An item of content and data about that content, bound together under a single identifier and with a common lifetime. Assets, in turn, are organized into hierarchical namespaces, and each namespace is managed by a Repository. There are three classes of Assets: Files, Composites, and Directories.
An Asset stored in a composite format instead of a traditional, single-file format. Composite formats organize content as a set of Components bound together with a Manifest. These formats are built on top of the Digital Composite Technology DCX framework, which describes both the organization of the Components as well as the transfer and synchronization algorithms used to operate on them.
An Asset that serves as a container for other Assets.
- MIME-type file, which contains the media type of the Snapshot. This file does not have an extension.
- Manifest file, which is the Manifest. This file does not have an extension.
- Files and folders containing the Components, which are all stored according to their full paths.
A Directory Structure is associated with the root Directory of a Repository. A Directory Structure can restrict the creation of Assets by name, path, class, media type, access permissions and other rules. Directory Structures are enforced by the system and supersede access control enforcement.
Enterprise Storage Model#
The entry point that clients can use to discover all of the other Repositories that they have access to.
An identifier, associated with a link, that describes the relationship between the current Resource and the linked Resource.
A Storage Repository owned by an organization.
The content and data within an Asset. There are multiple content and data Resources associated with each Asset. For example, the Primary Resource contains the full content of an Asset, while the Repository Metadata Resource contains properties about an Asset, as well as associated Resource links.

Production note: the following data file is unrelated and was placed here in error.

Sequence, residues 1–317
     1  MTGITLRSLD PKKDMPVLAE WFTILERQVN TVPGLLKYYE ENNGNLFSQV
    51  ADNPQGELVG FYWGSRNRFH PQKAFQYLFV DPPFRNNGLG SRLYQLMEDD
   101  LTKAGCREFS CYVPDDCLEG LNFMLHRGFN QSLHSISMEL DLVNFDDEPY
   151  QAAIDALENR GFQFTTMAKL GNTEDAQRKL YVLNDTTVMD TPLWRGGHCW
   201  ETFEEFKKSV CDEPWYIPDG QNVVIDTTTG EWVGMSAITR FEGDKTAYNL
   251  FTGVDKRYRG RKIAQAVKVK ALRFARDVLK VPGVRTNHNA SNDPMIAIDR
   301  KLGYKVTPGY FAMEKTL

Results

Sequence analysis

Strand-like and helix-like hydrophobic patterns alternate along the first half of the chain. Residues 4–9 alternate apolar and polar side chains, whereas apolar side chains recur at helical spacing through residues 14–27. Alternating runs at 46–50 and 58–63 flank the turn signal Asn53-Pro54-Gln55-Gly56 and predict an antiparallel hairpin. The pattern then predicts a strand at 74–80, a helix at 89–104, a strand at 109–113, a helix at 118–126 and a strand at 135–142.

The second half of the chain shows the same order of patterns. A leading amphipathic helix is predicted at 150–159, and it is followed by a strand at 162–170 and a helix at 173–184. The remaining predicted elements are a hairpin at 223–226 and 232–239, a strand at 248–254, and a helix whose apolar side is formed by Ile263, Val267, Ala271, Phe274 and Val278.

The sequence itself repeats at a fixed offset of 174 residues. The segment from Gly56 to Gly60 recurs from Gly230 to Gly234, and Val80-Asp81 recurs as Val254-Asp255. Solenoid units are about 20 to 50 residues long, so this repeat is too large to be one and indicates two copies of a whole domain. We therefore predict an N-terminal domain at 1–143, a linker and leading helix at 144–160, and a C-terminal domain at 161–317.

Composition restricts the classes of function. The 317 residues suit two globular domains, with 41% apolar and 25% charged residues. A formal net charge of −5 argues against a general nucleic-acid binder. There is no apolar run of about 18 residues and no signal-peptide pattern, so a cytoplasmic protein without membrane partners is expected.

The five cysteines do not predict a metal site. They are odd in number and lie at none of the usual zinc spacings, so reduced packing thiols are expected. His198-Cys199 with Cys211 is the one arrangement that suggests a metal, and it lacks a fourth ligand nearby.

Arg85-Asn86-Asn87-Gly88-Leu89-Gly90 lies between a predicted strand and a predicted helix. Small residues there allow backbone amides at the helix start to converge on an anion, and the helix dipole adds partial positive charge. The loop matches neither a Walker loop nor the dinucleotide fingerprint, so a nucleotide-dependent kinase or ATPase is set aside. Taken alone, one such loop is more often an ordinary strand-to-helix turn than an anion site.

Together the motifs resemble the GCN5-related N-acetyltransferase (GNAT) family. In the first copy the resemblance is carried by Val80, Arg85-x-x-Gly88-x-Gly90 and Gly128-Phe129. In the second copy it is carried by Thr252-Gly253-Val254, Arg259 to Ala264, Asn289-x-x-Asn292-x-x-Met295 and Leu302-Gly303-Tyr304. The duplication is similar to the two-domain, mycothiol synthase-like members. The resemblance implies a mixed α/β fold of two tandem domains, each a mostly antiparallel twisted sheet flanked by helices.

- Note: For a File, the Primary Resource is a binary large object; for a Directory, it is a JSON representation of the the Directory's children; and for a Composite, it is a DCX Snapshot.
Universal Container Format (UCF)#
A general-purpose container technology that collects a related set of files into a single-file container. UCF is based on the widely used ZIP archival format, and conforms to the OEBPS Container Format guidelines, as well as the Open Document Format 1.0 specification. Off-the-shelf ZIP tools can be used to open, inspect, and extract files from UCF packages.
A Storage Repository owned by an individual user.
User Storage Model#
The Experience Content Model (XCM) is the set of models applied by the platform to content and content metadata. These models are expressed in JSON Schema. Many of the models are based on open and standard vocabularies, including those defined by or incorporated into XMP. XCM leverages some of the meta-properties defined by XDM, but it is not an application of XDM.
The Experience Data Model (XDM) is a technology for modeling data used at Adobe, along with associated models. It is a stylized use of JSON Schema and JSON-LD, and is a publicly documented specification, made available under a Creative Commons license. Content Platform uses meta-properties defined by XDM to augment the JSON Schema-based models defined in XCM.
The Extensible Metadata Platform (XMP) is an ISO standard for defining and storing metadata in an open-ended set of vocabularies. (Click here for more information.)